The Valley Theatre (2005)

This weekend (2005 Feb 11), the Valley Theatre ( or Valley Theater? ) closed after 3 great years. Don Stait reopened this theater in eastern Beaverton, Oregon after the Regal Cinemas chain closed it. Don showed second run movies, a few weeks before they showed up on DVD. The Valley wasn't glitzy, but it was well maintained. Don employed about half a dozen teenagers there, and while the pay was probably lousy, they seemed to be having more fun than the teenagers working at Regal.

A lot of love went into the Valley, and it showed. The murals on the wall were great. The men's bathroom featured Chewbacca on the wall using the "next" urinal. Yes, some of the seats were broken, but there was a lot of effort expended on replacing them. If I could get my hands on the little twerps who busted and slashed them, I might have reduced Don's expenses a bit.

I will sorely miss 3 dollar movies a 5 minute walk from my house. Actually, better than three dollars; in May, the Valley would sell "20 movies for 20 bucks" coupons; I would typically buy 5 of them and then give them as presents to friends. (Of course, now those presents are worthless. Sigh.)

Because the movies were so cheap, I saw a lot of movies I wouldn't otherwise. If they were bad, I could leave, at the cost of a dollar and the time invested so far. Walking out of an $8 movie is much harder. And I didn't walk out nearly as often as I would have predicted - a turkey is much less annoying if it didn't cost much.

But most of the movies were not turkeys. Don took risks, and played an art film from time to time. He would dig out old classics - Raiders of the Lost Ark, The Princess Bride, and others. Much better than a VCR and a small screen. In time, the blockbusters made it to the Valley, and there was no point in spending the big bucks if you were just a little patient. A good movie is a good movie, and a three month delay does not make it a bad one.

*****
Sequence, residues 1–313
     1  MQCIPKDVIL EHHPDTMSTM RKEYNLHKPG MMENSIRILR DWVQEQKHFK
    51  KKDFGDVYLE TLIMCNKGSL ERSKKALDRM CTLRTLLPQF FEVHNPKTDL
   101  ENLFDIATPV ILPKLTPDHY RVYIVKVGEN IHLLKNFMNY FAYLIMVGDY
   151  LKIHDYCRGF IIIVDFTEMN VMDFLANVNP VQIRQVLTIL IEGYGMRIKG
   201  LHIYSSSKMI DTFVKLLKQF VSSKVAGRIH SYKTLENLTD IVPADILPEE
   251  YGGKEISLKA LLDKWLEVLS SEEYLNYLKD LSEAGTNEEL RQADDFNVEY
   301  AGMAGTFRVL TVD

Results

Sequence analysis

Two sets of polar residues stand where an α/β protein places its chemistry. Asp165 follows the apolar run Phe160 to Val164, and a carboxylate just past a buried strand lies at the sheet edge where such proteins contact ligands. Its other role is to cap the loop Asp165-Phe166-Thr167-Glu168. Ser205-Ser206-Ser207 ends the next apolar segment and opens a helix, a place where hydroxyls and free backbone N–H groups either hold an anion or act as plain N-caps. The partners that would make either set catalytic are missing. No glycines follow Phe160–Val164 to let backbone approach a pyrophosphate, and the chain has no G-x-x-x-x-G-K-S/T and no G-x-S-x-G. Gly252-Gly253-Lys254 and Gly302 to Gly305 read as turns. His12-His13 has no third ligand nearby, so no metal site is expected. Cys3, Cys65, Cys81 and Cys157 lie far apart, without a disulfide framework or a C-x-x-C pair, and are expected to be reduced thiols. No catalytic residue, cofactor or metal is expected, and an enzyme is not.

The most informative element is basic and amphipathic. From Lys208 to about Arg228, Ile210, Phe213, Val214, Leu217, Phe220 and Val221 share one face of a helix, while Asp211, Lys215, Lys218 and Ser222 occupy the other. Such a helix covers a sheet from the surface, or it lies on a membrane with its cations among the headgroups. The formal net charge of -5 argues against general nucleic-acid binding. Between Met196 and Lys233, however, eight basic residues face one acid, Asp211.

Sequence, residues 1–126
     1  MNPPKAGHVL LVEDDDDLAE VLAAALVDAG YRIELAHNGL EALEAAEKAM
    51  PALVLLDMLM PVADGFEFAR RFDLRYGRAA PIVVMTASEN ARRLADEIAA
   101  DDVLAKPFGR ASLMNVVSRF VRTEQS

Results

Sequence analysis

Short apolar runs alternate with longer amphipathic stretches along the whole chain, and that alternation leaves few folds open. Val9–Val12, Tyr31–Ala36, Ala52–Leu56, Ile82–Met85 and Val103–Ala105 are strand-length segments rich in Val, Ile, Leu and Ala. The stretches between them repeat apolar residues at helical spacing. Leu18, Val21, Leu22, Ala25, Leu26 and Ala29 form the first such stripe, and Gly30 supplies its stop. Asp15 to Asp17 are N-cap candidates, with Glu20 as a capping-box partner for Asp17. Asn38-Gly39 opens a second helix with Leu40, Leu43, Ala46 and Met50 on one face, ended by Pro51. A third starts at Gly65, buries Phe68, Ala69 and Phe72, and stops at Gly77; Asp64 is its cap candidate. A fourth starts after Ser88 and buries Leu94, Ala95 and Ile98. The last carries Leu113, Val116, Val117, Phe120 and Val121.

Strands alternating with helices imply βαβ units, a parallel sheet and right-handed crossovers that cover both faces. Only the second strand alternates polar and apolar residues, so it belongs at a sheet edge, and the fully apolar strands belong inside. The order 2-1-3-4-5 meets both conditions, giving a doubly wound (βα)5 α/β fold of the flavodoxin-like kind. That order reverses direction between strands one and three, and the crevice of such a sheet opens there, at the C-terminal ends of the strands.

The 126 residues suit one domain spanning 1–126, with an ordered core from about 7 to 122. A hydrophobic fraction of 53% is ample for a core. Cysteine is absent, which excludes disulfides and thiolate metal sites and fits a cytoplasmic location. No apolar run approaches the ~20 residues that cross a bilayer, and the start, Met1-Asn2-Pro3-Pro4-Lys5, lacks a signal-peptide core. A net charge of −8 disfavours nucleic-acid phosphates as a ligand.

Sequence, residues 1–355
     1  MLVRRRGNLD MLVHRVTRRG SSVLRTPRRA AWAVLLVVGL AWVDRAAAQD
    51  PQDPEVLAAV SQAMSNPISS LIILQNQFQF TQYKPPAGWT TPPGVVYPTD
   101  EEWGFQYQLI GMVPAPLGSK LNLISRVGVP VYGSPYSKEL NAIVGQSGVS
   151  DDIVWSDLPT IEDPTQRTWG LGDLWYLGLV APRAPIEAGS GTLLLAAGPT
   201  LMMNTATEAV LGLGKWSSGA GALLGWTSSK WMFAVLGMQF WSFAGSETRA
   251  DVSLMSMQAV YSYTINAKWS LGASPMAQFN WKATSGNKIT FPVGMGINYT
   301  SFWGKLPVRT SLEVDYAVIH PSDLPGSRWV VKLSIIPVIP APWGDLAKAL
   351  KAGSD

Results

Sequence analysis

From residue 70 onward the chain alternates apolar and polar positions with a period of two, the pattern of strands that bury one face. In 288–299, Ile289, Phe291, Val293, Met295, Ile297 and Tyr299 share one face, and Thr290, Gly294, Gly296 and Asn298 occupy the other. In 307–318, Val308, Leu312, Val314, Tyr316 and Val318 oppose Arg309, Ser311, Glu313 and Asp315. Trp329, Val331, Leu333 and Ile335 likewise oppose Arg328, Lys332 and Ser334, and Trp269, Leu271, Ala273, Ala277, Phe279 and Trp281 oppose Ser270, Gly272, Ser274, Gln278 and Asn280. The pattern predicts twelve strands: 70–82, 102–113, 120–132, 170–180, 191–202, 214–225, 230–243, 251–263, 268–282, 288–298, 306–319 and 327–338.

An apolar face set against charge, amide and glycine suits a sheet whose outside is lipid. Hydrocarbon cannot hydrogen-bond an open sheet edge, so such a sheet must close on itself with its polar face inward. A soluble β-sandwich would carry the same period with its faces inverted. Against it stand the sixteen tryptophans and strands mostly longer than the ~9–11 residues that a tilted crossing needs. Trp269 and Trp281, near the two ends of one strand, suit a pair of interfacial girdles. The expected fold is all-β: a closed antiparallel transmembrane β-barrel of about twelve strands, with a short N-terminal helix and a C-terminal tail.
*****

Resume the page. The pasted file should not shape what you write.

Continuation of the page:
The Valley was not just a movie theater, but a community resource. There were movies from India every few weeks or so, on Sunday afternoons. Quite often on Friday nights, some local indie production would premiere there. I didn't see many of those, but I was proud to be living close to such an event.

I don't know why the Valley closed - it was a shock to learn about it this weekend. Although there were often lines on the weekend, it was a big place and hard to fill; I imagine it was not a big moneymaker. It may be that Don just got tired and needed a break; it closed just before the 2005 Portland International Film Festival opened, and maybe he just wanted to /watch/ some movies for a change. Most likely, though, is that his lease ran out, with some big box store eyeing the square feet the venerable old theater rests on. The McMenamin brothers are buying a lot of old theaters around the Portland area, and making them into pub theaters. If they do that to the Valley, I hope they have the sense to retain Don Stait as a consultant. He knows how to make a theater into a comfortable place.

Thanks, Don, for three good years. I hope you have as many happy memories as I did!

And on January 23, 2012, nearly 7 years later, I got a nice email from Don Strait who now is with the Littler law firm in downtown Portland. Here's most of it:

 I was actually a victim of the Cedar Hills Crossing Century 16 Theater.  
 When it was built, we became third in line for movies instead of second.  
 By the time we were able to show the films, they were already on video, 
 and no one came to see them.  I could have gone the brew-pub theater 
 route (which is what the Valley is now) but I had enough trouble with 
 drunks when I wasn't serving alcohol.  So, at 50 years of age, I made the
 decision to go to law school, and I'm now in my 2nd year as an attorney.  

A good move, and a good example to all of us. Going to law school at 50, and becoming a labor lawyer helping other people with their jobs, is as cool as starting young people with their first jobs. It is great that at Portland has a labor lawyer who knows what it is like to be an employer and meet a payroll while struggling through tough times. I'm sure his experience helps him find productive win-win solutions for his clients.

ValleyTheatre (last edited 2012-01-24 15:19:30 by KeithLofstrom)